- A course in aesthetic dance activities, appreciation, or history which is broad enough to equip students to come to an intelligent understanding of a wide range of artistic dance
- A combination of any of the above, e.g. , an introduction to more than one fine art.
- Languages and Literature (C2). Each course, of a minimum of three units, must be one of the following:
- A creative writing or a literature survey course to enable students to come to an intelligent understanding of significant works of literature
- A language acquisition course which significantly involves exposure, for which students are accountable, to the linguistic culture.
- Philosophies, Ideas, and Major Figures (C3). Each three-unit course, which must involve reading in primary sources, must be one of the following:
- A critical history, covering at least a couple of centuries of either theistic or nontheistic metaphysical, epistemological, or ethical thought (social or individual)
- An analytical study of several major problems in either theistic or nontheistic metaphysics, epistemology, or ethical thought (social or individual), which includes reference to the history of the problems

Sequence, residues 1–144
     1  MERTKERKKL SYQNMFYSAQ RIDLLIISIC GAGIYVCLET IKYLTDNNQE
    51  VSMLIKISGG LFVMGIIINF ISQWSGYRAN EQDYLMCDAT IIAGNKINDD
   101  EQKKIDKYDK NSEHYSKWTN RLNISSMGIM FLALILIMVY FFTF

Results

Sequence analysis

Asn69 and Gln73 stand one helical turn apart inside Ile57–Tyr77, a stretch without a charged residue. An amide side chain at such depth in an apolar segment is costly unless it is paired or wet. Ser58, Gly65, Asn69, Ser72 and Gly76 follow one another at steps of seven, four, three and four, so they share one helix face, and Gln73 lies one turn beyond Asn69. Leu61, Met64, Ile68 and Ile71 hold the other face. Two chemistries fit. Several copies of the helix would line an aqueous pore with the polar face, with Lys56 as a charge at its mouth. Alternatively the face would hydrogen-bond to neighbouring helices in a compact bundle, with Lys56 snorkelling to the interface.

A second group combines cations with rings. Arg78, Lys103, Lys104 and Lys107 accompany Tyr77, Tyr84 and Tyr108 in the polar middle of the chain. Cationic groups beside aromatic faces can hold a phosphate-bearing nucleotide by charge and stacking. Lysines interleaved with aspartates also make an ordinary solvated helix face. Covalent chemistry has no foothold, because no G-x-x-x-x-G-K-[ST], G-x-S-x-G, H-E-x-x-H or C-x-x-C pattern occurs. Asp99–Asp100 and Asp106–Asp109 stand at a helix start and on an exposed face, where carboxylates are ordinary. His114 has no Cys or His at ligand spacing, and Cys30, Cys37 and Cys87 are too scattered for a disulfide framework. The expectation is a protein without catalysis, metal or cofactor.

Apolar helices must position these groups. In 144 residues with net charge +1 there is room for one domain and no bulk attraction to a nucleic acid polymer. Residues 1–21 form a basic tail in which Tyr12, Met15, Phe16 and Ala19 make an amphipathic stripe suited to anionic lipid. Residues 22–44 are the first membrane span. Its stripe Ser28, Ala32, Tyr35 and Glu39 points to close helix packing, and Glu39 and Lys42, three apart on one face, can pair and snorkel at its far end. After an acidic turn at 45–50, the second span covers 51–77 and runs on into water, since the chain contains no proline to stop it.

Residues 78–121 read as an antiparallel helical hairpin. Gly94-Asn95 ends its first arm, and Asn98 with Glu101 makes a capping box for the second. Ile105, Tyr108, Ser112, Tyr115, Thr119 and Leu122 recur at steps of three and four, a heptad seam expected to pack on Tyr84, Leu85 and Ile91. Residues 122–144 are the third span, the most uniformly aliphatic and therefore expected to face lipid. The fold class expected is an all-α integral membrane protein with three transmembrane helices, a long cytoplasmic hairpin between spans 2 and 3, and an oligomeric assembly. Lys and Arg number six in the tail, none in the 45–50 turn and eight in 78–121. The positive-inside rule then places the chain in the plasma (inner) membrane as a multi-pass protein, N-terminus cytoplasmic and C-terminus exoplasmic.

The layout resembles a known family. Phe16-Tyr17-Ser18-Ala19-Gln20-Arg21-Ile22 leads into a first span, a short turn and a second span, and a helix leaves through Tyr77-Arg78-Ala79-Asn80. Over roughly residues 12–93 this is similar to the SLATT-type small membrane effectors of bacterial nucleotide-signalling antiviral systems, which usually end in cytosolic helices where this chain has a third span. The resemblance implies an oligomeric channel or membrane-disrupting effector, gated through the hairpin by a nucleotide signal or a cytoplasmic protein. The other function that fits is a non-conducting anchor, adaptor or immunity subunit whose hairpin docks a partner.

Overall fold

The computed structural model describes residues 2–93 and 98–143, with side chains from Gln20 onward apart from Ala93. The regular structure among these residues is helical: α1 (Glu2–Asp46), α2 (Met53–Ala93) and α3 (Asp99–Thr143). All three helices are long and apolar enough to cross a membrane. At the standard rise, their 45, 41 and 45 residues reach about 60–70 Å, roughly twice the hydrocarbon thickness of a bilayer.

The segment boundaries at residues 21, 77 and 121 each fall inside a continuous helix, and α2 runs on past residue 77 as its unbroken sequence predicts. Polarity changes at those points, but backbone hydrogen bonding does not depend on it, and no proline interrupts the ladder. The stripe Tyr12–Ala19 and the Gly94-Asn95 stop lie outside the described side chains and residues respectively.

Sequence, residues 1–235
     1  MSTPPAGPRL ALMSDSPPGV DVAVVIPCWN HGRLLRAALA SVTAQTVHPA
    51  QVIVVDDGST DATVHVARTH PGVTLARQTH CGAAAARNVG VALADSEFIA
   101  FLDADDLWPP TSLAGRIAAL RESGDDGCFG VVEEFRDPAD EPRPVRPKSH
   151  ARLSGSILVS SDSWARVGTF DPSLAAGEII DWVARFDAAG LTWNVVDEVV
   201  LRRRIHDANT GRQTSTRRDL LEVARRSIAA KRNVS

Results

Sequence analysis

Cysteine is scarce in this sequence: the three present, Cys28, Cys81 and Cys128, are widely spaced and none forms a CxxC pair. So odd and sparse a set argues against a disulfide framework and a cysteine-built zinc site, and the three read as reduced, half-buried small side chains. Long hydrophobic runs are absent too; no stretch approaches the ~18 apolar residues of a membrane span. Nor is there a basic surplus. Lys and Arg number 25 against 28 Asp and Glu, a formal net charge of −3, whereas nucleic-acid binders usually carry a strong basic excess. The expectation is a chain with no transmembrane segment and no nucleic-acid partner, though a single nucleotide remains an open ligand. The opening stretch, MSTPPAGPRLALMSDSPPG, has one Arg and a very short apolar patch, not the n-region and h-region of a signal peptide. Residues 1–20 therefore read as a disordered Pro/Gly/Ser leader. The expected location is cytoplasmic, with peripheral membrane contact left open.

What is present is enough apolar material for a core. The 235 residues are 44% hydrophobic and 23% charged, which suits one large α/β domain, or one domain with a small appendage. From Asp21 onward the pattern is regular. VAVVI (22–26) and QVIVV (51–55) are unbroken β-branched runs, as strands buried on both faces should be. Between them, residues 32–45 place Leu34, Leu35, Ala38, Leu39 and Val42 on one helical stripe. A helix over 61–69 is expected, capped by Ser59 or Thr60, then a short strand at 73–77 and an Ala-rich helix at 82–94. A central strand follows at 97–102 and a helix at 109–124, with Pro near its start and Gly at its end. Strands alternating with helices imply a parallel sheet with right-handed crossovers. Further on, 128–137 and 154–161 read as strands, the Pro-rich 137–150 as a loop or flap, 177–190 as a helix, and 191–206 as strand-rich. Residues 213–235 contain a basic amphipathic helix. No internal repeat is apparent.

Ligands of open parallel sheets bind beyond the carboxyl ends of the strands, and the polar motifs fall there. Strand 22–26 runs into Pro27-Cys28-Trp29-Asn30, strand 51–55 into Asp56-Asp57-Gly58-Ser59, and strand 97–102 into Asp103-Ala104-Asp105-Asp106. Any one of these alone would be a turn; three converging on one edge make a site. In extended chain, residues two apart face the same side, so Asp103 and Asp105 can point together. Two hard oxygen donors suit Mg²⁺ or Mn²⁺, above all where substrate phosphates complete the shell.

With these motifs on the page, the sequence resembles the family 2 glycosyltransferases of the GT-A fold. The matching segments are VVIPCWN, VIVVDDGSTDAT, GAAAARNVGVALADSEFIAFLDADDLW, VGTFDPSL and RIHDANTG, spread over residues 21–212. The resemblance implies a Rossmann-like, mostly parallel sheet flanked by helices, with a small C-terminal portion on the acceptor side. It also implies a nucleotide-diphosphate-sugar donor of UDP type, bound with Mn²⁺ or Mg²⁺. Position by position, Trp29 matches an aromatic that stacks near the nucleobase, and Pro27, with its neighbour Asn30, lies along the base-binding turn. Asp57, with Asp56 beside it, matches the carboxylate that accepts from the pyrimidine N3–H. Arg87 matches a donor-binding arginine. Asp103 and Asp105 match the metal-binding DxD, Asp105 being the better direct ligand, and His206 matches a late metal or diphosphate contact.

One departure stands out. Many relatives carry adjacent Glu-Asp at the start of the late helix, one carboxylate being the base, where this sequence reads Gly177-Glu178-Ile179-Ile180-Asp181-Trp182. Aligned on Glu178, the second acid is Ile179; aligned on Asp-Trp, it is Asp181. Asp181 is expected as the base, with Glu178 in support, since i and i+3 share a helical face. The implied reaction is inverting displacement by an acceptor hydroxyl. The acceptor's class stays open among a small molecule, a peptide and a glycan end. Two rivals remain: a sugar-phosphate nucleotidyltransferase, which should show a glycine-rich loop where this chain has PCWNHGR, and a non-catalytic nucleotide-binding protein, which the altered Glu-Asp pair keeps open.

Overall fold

- A course that deals with more than one major artistic, literary, or philosophical figure from any age in relation to a significant issue of either current public or intellectual import; such a course must include biographical information, development of the problems dealt with, and critical appraisal of the figures' achievements.
Behavioral and Social Sciences (Part D) Courses (nine units)
Human institutions and behavior are inextricably interwoven. Problems of concern to humans and human society are at once contemporary and historical. Power, tyranny, freedom, wealth, scarcity, and distribution are all issues humanity has faced for centuries; yet we face them again with each succeeding generation. Cultural variations on human pursuit of these issues exist; yet we often assume a patriarchal or Western mode of definition and solution. Students completing this portion of the General Education Program should understand these transcendent-verities and comprehend the relationship of individuals with their societies, the issues and operation of power and scarcity, the perspectives and contributions of various times and cultures, the methodologies and perspectives the social and behavioral sciences use in evaluating and constructing human society, and some of the complex issues individuals and humanity face.